This Nikon lens has got it all for the avid wildlife photographer: a 300mm telephoto setting, Vibration Reduction (VR) and a fast internal focusing system (AF-S). Paired with high-quality optics (ED) and a relatively affordable price tag, this Nikon super-telephoto stands out from other comparable lenses in its class.
SONY: Tamron SP AF 200-500mm f/5-6.3 Di LD (IF)
tamron 200-500mm lens
Cost: $880
Filter Size: 86mm
Size: 8.9 x 3.7in (227 x 93mm)
Weight: 43.6oz (1237g)
There are a limited number of options when it comes to wildlife lenses for the Sony SLR, but the Tamron 200-500mm fits the bill. While Sony's built-in image stabilization will help you get clear shots at the extreme telephoto setting (500mm), it's a better idea to attach the lens to a stable surface using the included tripod mount.
PENTAX: Sigma 100-300mm f/4 EX DG IF HSM APO
sigma 100-300mm f/4 lens
Cost: $1,100
Filter Size: 82mm
Size: 8.9 x 3.6in (227 x 92.4mm)
Weight: 50.8oz (1,440g)
This hard-to-find Sigma lens has a lot going for it: a wide constant maximum aperture of f/4, inner focusing and inner zooming (the length of the lens never changes) and a high-speed focusing system (HSM). All this adds up to a great lens for Pentax wildlife photographers - provided you can find a manufacturer that stocks it.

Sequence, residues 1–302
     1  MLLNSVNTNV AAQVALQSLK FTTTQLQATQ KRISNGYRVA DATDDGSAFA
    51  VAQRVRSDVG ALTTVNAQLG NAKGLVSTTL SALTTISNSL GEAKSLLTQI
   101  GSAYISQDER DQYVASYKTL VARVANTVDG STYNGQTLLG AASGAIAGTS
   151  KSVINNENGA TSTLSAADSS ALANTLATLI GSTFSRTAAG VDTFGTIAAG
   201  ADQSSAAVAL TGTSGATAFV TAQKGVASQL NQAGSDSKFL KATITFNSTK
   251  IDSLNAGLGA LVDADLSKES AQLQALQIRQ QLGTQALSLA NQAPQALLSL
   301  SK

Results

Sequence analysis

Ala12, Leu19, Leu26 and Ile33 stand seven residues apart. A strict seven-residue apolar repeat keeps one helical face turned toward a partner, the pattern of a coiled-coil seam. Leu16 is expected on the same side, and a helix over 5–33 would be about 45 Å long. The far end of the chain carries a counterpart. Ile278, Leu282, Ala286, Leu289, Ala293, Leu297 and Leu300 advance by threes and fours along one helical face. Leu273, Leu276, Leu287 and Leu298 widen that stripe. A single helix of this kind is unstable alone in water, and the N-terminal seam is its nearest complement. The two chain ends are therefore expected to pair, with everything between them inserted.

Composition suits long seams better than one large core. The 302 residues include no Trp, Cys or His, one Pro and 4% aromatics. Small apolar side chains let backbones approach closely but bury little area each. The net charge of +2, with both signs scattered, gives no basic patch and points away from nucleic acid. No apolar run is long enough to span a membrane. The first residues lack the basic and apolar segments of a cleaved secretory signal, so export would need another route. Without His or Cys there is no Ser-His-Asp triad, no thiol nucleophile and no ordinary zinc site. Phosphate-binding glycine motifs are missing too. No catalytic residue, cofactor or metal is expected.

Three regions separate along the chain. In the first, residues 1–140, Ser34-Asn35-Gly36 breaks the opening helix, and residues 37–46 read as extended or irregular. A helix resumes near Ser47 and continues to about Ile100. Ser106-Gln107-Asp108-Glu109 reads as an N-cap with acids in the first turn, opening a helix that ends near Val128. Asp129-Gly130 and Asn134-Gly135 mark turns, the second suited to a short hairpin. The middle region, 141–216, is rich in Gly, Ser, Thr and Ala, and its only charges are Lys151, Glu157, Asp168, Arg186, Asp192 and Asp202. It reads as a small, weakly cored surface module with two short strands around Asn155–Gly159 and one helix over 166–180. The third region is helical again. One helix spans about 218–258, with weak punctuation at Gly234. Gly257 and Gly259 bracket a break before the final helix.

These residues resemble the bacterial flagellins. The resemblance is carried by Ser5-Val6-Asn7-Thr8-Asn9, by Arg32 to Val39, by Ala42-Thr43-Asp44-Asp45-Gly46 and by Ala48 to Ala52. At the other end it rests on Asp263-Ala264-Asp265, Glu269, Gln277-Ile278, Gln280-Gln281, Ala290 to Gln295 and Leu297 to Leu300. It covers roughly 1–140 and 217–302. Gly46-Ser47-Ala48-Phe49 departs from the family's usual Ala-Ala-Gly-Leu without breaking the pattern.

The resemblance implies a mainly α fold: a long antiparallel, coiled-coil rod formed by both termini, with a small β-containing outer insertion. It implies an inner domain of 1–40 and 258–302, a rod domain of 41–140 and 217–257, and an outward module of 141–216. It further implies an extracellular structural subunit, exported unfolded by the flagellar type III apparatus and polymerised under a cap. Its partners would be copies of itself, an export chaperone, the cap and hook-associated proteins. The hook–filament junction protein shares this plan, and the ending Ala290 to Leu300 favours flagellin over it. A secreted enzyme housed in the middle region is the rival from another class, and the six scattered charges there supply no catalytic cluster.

OLYMPUS: Zuiko 50-200mm f/2.8-3.5 E-ED
olympus 50-500mm lens
Cost: $825
Filter Size: 67mm
Size: 6.2 x 3.4in (157 x 87mm)
Weight: 38.4oz (1,070g)
While I was originally going to recommend the Sigma 50-500mm lens, it turns out that it's out of stock for the Olympus mount. Since this is the case, the most affordable wildlife lens for the Olympus digital SLR cameras is this one. While it doesn't have the same zoom range as some of the other lenses on this page, it makes up for that with a much wider maximum aperture. If you'd like to get more on the telephoto end, you can pair this lens with the Olympus 1.4x teleconverter ($385), which will increase the telephoto setting to almost 300mm.